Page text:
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Helios Flight 522 crashed when the crew unknowingly suffered hypoxia. Although the masks in the passenger cabin deployed, the crew were unaware of this and didn't realise the extent of the problem.

If I was a passenger on a plane at cruise altitude and the oxygen masks deployed, I know that there is only about 10 minutes oxygen available. I would expect the plane to immediately descend to a lower altitude.

If I don't notice any change in attitude and there is no passenger announcement after a few minutes, would it help to alert a flight attendant to check that the pilots are aware of the issue? Or would it be best to assume that 'they know what they are doing' and just keep quiet?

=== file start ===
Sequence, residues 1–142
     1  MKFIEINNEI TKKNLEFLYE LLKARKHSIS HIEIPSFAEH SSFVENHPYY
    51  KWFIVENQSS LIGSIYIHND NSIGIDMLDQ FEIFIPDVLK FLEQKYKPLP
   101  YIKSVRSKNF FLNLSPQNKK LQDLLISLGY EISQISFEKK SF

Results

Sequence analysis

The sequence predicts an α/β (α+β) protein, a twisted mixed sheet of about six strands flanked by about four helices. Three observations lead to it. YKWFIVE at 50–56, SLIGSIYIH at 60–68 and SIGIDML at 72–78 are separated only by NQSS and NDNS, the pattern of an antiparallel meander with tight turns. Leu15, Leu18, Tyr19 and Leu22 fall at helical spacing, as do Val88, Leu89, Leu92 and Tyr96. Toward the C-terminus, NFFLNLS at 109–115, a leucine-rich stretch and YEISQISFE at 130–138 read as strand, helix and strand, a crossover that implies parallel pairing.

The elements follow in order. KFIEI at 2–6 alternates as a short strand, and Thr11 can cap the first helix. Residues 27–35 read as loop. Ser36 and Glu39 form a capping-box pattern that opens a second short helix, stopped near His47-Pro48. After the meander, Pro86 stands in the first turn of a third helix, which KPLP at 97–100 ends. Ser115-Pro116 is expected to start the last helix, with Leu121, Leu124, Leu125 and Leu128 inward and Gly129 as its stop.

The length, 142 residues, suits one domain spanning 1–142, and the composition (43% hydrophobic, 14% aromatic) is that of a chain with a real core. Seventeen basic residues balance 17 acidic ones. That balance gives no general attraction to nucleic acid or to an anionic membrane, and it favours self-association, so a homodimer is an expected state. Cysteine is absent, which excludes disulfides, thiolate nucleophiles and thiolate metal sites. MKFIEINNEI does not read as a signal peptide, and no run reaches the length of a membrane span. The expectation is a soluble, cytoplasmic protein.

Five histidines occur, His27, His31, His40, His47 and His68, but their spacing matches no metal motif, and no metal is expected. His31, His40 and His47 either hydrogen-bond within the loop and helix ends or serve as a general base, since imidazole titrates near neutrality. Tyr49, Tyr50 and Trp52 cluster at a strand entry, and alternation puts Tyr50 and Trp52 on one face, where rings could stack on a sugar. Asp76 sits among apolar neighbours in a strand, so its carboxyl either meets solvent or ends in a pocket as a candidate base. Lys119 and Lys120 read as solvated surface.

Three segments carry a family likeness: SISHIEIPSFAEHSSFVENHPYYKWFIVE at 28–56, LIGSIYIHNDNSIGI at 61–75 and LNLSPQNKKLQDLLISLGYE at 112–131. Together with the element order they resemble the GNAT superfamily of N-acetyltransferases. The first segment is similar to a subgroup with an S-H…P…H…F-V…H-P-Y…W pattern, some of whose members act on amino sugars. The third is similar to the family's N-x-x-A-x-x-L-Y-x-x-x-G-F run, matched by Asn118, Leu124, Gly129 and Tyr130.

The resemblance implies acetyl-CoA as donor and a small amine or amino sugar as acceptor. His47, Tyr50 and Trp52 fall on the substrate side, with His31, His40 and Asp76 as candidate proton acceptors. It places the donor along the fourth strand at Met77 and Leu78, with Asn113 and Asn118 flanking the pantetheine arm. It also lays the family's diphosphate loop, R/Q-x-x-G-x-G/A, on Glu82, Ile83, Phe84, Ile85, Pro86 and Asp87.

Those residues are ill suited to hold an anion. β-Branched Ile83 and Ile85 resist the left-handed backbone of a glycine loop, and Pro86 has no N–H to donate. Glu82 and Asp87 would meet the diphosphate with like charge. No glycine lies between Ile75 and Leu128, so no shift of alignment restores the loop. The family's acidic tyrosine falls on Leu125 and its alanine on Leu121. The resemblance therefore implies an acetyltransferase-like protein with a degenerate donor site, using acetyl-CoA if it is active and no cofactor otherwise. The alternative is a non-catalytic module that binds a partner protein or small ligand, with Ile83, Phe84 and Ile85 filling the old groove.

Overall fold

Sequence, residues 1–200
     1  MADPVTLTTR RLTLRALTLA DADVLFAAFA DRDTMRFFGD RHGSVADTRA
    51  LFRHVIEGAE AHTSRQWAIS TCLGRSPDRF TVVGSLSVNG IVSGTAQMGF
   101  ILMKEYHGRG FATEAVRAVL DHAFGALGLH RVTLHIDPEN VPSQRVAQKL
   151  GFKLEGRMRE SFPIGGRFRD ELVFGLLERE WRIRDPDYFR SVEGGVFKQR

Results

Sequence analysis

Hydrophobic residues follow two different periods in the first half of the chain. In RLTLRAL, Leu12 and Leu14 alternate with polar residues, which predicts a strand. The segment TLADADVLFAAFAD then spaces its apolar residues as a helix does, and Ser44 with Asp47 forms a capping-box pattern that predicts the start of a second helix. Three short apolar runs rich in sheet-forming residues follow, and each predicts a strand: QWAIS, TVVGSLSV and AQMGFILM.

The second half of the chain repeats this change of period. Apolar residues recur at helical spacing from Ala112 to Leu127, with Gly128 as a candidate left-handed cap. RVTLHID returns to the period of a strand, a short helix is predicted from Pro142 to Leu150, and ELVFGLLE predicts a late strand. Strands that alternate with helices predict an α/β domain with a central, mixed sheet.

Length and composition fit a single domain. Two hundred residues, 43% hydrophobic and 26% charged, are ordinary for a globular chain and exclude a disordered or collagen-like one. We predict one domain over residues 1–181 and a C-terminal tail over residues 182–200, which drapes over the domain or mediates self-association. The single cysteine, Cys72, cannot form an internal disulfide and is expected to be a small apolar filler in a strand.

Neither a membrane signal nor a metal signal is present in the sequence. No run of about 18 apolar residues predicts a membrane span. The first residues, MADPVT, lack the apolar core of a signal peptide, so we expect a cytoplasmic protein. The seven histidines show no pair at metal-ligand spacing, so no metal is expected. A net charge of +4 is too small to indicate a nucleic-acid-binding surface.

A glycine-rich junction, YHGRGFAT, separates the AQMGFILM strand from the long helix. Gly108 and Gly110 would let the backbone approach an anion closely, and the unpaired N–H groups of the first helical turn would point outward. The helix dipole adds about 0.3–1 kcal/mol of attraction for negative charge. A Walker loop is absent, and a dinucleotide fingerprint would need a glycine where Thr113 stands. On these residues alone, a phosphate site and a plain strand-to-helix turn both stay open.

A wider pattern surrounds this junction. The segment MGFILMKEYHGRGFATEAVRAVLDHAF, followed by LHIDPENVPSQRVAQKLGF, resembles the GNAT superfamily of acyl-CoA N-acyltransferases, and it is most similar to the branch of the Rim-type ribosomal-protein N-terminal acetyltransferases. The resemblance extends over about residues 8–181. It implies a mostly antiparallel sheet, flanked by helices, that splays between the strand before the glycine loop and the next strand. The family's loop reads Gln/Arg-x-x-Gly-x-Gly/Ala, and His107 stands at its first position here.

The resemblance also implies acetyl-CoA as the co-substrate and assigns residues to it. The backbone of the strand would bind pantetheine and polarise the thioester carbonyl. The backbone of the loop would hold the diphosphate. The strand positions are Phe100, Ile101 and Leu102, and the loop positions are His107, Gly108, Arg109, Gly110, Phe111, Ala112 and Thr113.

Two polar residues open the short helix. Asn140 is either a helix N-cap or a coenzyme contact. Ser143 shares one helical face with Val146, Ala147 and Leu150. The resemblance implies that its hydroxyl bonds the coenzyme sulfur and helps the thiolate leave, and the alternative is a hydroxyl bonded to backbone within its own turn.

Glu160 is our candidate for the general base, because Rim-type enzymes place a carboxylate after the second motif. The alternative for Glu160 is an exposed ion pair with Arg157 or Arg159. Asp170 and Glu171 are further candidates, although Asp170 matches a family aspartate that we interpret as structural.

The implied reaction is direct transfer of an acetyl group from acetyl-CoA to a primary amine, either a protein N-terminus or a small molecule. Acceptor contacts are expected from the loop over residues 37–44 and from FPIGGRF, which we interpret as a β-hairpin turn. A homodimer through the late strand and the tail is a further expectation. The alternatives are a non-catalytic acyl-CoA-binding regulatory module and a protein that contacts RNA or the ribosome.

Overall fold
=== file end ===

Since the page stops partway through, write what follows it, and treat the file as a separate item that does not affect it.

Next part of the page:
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  • $\begingroup$ Well, the purser was more knowledgeable than a passenger would and he failed to save the plane… $\endgroup$ – Jan Hudec Mar 29 '17 at 18:16
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It's never bad to inform a crew member about anything you think may be abnormal.

In this special situation, as you know that the oxygen masks deploy automatically if the cabin altitude raises to high, you expect the aircraft to descend in order to allow the pax to breathe normally again. If this doesn't happen it would be possible that the crew deployed the masks manually for no reason or the automatism faulty detected a low cabin pressure. In both cases I would expect an announcement that the oxygen masks are not needed and can be put down safely.